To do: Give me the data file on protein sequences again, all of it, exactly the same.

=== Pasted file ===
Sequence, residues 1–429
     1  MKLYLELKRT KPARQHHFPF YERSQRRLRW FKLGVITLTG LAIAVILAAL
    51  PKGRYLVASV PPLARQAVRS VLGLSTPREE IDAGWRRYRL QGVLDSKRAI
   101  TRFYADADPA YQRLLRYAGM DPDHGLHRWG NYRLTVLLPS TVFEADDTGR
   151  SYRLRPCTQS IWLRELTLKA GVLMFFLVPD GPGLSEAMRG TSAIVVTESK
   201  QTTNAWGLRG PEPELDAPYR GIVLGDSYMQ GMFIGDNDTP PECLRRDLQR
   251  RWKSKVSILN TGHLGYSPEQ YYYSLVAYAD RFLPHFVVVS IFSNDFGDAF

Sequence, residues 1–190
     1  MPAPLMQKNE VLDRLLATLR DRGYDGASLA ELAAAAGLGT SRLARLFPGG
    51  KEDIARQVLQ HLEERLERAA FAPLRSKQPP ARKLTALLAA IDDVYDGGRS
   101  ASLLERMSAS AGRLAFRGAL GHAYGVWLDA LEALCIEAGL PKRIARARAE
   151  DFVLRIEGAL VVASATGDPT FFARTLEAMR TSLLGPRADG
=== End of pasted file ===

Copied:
Sequence, residues 1–429
     1  MKLYLELKRT KPARQHHFPF YERSQRRLRW FKLGVITLTG LAIAVILAAL
    51  PKGRYLVASV PPLARQAVRS VLGLSTPREE IDAGWRRYRL QGVLDSKRAI
   101  TRFYADADPA YQRLLRYAGM DPDHGLHRWG NYRLTVLLPS TVFEADDTGR
   151  SYRLRPCTQS IWLRELTLKA GVLMFFLVPD GPGLSEAMRG TSAIVVTESK
   201  QTTNAWGLRG PEPELDAPYR GIVLGDSYMQ GMFIGDNDTP PECLRRDLQR
   251  RWKSKVSILN TGHLGYSPEQ YYYSLVAYAD RFLPHFVVVS IFSNDFGDAF

Sequence, residues 1–190
     1  MPAPLMQKNE VLDRLLATLR DRGYDGASLA ELAAAAGLGT SRLARLFPGG
    51  KEDIARQVLQ HLEERLERAA FAPLRSKQPP ARKLTALLAA IDDVYDGGRS
   101  ASLLERMSAS AGRLAFRGAL GHAYGVWLDA LEALCIEAGL PKRIARARAE
   151  DFVLRIEGAL VVASATGDPT FFARTLEAMR TSLLGPRADG